Solid State Theory (Dover Books on Physics) (Paperback)
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A well-written text . . . should find a wide readership, especially among graduate students. -- Dr. J. I. Pankove, RCA.
The field of solid state theory, including crystallography, semi-conductor physics, and various applications in chemistry and electrical engineering, is highly relevant to many areas of modern science and industry. Professor Harrison's well-known text offers an excellent one-year graduate course in this active and important area of research. While presenting a broad overview of the fundamental concepts and methods of solid state physics, including the basic quantum theory of solids, it surpasses more theoretical treatments in its practical coverage of physical applications. This feature makes the book especially useful to specialists in other fields who many encounter solid state problems in their own work. At least one year of quantum mechanics is required; however, the author introduces more advanced methods as needed.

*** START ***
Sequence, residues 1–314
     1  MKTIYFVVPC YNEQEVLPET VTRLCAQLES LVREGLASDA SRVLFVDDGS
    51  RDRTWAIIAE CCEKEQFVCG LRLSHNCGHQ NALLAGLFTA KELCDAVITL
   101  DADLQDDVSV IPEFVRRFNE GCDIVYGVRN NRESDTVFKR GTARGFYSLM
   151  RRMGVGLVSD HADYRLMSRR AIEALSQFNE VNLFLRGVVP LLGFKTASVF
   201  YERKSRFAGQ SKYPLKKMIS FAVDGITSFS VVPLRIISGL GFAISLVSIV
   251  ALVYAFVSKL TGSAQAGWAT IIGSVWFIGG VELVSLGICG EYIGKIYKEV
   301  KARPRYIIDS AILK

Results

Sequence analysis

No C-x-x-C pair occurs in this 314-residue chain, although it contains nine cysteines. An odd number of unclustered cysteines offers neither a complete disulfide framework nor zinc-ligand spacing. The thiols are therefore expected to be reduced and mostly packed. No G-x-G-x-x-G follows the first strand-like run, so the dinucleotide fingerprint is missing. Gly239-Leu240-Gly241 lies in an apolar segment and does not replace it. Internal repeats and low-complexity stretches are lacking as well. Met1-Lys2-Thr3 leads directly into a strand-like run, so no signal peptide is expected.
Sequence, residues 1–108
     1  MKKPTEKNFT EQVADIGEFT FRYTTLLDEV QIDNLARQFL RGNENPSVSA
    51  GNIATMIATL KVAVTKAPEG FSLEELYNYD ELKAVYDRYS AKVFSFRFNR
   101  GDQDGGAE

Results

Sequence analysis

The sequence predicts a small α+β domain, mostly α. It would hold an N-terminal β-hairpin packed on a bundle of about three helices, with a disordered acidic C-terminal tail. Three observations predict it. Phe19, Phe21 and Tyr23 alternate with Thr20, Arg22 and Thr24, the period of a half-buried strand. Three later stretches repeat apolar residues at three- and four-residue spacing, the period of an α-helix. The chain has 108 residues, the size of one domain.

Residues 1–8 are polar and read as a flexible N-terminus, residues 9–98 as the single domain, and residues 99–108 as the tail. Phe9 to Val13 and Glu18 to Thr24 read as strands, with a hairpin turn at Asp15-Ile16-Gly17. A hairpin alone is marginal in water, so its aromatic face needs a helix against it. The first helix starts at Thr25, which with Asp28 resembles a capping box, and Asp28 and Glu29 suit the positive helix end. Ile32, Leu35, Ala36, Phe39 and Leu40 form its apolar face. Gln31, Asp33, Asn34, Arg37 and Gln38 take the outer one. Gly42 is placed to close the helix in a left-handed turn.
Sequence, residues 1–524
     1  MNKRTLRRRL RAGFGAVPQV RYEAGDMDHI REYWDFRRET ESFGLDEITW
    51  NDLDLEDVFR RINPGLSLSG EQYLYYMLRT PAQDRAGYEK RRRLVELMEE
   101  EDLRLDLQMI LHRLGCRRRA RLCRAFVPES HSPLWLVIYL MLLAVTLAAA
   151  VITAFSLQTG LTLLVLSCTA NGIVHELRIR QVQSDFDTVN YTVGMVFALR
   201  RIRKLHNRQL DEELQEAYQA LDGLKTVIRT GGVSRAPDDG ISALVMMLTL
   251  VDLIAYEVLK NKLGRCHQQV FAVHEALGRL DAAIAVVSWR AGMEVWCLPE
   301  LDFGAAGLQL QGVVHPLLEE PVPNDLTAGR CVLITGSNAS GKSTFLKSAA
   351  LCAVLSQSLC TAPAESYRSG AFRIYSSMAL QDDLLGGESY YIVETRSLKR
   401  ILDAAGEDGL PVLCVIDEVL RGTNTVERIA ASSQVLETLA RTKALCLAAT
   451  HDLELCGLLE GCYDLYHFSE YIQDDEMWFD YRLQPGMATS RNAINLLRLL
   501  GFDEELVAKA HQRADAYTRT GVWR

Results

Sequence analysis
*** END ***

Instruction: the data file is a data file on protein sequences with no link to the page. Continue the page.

Because virtually all of the properties of solids are determined by the valence electrons, the author devotes the first third of the book to electron states, including solid types and symmetry, band structure, electron dynamics, the self-consistent-field approximation, energy-band calculations, semi-conductor and semi-metal bands, impurity states, the electronic structure of liquids, and other topics. Dr. Harrison then turns to a more systematic treatment of the electronic properties of solids, focusing on thermodynamic properties, transport properties (including the Boltzmann equation), semi-conductor systems, screening, optical properties, the Landau theory of Fermi liquids, and amorphous semi-conductors.
In the final two chapters, Professor Harrison offers a cogent treatment of lattice vibrations and atomic properties and cooperative phenomena (magnetism and superconductivity). In addition to traditional background information, the book features penetrating discussions of such currently active problems as the Mott transition, the electronic structure of disordered systems, tunneling the Kondo effect, and fluctuation near critical points. In an important sense, the entire text constitutes a major vehicle for the clarification of quantum mechanics, resulting from, among other factors, a comparison of the semi-classical (Boltzmann equation) treatment of screening and the corresponding quantum (Liouville equation) treatment.